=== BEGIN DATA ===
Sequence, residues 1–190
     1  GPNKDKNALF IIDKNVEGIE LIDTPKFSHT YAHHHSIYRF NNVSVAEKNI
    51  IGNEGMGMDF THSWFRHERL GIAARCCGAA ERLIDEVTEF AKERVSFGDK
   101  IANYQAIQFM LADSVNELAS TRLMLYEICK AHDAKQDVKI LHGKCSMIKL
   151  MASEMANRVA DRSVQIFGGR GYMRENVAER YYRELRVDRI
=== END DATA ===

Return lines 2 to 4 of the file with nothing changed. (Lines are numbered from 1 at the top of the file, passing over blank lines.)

     1  GPNKDKNALF IIDKNVEGIE LIDTPKFSHT YAHHHSIYRF NNVSVAEKNI
    51  IGNEGMGMDF THSWFRHERL GIAARCCGAA ERLIDEVTEF AKERVSFGDK
   101  IANYQAIQFM LADSVNELAS TRLMLYEICK AHDAKQDVKI LHGKCSMIKL